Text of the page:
JACKSON, Ky. (AP) — Shirley Howard’s feet splashed into nearly a foot of water when she stepped out of bed on a summer morning last July amid a torrential rainfall.
A devastating flood swallowing up Kentucky’s Appalachian region had reached her bedroom in the night. The family grabbed their dogs and fled their brick bungalow in Jackson as the water eventually rose to the ceiling.
Ten months later, they still haven’t returned home. Howard, her husband, son and their three dogs, Maisey, Charlie and Lilly, have been living in a cramped trailer provided by the state. At least 100 other families are living in trailers and hundreds more remain displaced, living with relatives or in damaged homes while they rebuild.
“I am so dying to go home every day,” the 65-year-old Howard said.
Howard’s house and nearly 9,000 others in 13 counties were severely damaged or destroyed by the intense four-day storm that dumped up to 16 inches of rain in eastern Kentucky. The fast-rising waters shoved homes off foundations, blocked roadways and submerged mountain towns under several feet of muddy water. Thousands like Howard had to grab what they could and flee. More than 40 people died.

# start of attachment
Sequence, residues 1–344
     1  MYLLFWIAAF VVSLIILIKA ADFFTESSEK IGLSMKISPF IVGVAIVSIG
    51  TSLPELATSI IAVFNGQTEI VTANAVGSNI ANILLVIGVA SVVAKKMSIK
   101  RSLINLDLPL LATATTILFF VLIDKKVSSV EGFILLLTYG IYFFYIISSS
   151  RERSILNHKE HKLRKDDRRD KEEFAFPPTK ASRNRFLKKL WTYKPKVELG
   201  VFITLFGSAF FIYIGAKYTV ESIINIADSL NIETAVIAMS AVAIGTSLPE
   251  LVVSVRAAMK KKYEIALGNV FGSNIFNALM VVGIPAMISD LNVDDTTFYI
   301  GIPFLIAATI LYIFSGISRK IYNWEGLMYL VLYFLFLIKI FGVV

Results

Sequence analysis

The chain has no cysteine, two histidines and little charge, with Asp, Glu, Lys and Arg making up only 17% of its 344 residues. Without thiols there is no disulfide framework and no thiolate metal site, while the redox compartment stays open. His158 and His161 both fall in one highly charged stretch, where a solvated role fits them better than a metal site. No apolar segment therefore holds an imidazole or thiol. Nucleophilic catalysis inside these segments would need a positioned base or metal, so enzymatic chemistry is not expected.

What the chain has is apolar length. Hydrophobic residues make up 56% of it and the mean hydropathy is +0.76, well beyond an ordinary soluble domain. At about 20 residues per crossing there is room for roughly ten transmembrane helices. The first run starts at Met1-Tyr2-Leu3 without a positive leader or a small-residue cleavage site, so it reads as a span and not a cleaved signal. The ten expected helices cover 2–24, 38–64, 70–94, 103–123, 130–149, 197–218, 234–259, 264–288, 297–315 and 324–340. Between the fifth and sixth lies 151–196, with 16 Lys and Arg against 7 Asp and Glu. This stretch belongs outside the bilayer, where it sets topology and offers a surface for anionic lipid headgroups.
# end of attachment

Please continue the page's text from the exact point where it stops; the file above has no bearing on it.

It was one of the worst floods in Kentucky’s history, ravaging one of the poorest places in the country. Homeowners in the mountainous region settled by coal miners a century ago live in flood-prone valleys that offer the only flat land for building homes, an area already suffering a housing crisis before the flood hit.
Disaster recovery in poor areas like this stretch of eastern Kentucky presents a host of challenges for victims who already faced setbacks before flood waters rushed inside their homes. A single inch of water inside a house can cause more than $26,000 in damage, according to the Federal Emergency Management Agency.